Empire is a book that is being taken extremely seriously, and it is one of the first supposedly scholarly attempts to explain the logics of the current world system. But it rests on a thin historical basis, partly because of what is little more than an etymological quirk on the one hand, and mainly because the things attributed to empire-as-general-concept are only to be found in their assertions about the current situation. Perhaps the most important moment in the book is when their big idea, the link between a transformed sovereignty and empire, is brought into the orbit of the idea of the republic:

The idea of sovereignty as an expansive power in networks is poised on the hinge that links the principle of a democratic republic to the idea of Empire. Empires can only be conceived as a universal republic [sic!], a network of power and counter-power structured in a boundless and inclusive architecture. (166)

For Hardt and Negri, the official nineteenth century of European colonial acquisition as imperialist policy is to be distinguished from empire as such. The idea looks attractive. As academics, we are familiar with that sort of sophistry that deceives critical sensibilities with clever stratagems. Such in many regards is this book, even at this founding moment. It is true that the word “imperialist” enters certain European languages not via the main Latin root but via English in the nineteenth century, and that it does so as the name for the overt project of securing colonies all round the world. But this narrow point leads them–perhaps deliberately–to misconstrue the whole. If we read the above passage carefully, certain operational issues emerge. The claim that “Empire can only be conceived as a universal republic” is a particularly strange instance of reverse predication of something the authors encountered as a problem that needed sweeping aside: that is, we have come, via a still-unfolding history, to exist in a diverse and multi-polar republicanism we still think of as “Western”; this republicanism may have analogies with former orders of governance, including recent imperialisms and the empires of antiquity, but the thing that is operational in the above passage is not imperialism, but the new contractual basis of society, what even Hardt and Negri briefly name here as the principle of democratic republicanism. In the above formulation, issues of democracy and republicanism are central; sovereignty, rivalry, and interlinkage are relevant; issues of imperialism are not even operational, except perhaps by analogy.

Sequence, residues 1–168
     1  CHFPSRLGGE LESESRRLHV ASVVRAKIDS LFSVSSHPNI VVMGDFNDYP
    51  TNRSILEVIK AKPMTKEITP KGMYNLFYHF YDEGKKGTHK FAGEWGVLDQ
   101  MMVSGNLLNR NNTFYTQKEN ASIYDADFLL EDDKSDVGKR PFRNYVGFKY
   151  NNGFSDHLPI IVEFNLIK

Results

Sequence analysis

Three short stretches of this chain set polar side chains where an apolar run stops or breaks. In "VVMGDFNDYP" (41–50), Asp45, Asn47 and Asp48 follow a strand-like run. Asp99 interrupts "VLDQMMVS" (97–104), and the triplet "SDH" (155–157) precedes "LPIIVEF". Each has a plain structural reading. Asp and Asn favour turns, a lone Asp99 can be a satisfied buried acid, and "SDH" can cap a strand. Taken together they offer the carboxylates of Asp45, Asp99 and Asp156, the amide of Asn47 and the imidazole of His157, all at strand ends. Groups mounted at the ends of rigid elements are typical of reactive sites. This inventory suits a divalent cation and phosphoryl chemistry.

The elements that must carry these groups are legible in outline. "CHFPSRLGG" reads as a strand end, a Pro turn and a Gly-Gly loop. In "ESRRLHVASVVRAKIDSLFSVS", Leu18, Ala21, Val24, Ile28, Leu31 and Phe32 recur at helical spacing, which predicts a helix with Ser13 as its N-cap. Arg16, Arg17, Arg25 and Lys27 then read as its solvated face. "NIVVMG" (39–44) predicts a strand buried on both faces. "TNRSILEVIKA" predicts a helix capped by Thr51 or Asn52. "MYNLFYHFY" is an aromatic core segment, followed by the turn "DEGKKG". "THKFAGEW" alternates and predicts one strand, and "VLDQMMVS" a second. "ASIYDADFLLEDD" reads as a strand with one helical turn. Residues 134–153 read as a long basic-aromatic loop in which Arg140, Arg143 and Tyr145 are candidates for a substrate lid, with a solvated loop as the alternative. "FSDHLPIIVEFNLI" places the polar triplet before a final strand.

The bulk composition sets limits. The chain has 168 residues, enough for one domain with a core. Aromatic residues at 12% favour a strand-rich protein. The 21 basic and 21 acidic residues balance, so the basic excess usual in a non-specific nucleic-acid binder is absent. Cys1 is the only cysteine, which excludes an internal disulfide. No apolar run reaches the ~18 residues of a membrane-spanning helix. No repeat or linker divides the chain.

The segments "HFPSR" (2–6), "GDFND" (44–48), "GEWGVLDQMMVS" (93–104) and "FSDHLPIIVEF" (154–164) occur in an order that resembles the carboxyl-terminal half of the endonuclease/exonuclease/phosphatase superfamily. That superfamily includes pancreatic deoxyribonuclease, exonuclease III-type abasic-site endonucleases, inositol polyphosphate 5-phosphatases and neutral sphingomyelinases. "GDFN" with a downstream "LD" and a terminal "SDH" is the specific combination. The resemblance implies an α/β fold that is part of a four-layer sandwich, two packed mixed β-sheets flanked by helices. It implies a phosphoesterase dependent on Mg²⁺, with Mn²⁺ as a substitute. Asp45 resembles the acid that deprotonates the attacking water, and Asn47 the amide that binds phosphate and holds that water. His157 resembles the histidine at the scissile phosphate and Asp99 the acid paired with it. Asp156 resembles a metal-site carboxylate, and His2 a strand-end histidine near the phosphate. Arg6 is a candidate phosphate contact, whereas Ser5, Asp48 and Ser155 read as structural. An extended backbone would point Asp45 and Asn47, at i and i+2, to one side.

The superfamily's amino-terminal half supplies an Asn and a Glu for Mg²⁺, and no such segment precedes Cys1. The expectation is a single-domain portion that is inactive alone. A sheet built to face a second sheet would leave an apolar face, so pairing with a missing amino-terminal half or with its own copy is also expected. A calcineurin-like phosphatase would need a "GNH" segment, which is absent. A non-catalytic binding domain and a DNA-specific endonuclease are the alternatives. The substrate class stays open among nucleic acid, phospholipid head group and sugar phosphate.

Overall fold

Our objection to their formulation, therefore, lies in what sort of thing they imagine empire to be. Hardt and Negri claim to use the word empire as a concept, not a metaphor. At risk of banality, we must make a couple of obvious points. If one is to make a claim of this kind, we have the right to expect that there will be at least a minimal relationship between the category and the object being categorized. Given indeed that by its self-representation, the US is not only not an empire, but a modern republican nation state, the onus would be on those who seek to argue otherwise to demonstrate their claims. An empire, minimally defined, requires a single, if sometimes–rarely–devolved structure of government, a shared military, and a defined and limited territory. Beyond this most minimal of definitions, we would also expect to be included some of these features: a single currency or fiscal structure, an imperial rhetoric, a central court or justice system, and, as the name implies, an emperor. One could find as many parallels between the US and a Pacific island as between that country and an empire: the claim is in obvious need of justification and mere repetition will not make it come true. All empires, even split empires like the Eastern and Western Empires, had centers, favored points, and often stories of self-represented origin. Their claim that the concept of empire is characterized “fundamentally by a lack of boundaries: Empire rule has no limits” could refer to the propensity of imperial centers to seek endless expansion. This seems to be the point of the bizarre attempt to make the extensions of the US frontiers stand for imperialism. But in the present era, Hardt and Negri believe such expansion is no longer possible. By this logic, their logic, the age of empires would have run out of room (even if we accepted the thesis that the US frontier was imperial–we do not). If they are referring to actual territory, which is the only valid definition in our view, then the criterion is wrong: the Roman Empire, like the British Empire, did have limits. Then, we have referred to the claim that empire involves biopower. Let us, for the sake of coherence and protection of the shards of their argument, keep this claim at the level on which Foucault proposed it. If we accept Foucault’s argument about the present situation (and while we do not entirely share this view, this is not the place to contest it), then it applies today, but not to the deep past. In consequence, biopower cannot be used as part of the general definition of what constitutes empire, unless one means by that to disqualify all previous empire formations from the purview of the definition. This is also true of the claim about peace. The claim may apply today, in a UN framed, post-French-revolutionary rights context, but it does not apply to previous empires. The other criteria they use to found the definition apply as well to recent empires as to antiquity, and in fact do no more than establish patterns of influence and power.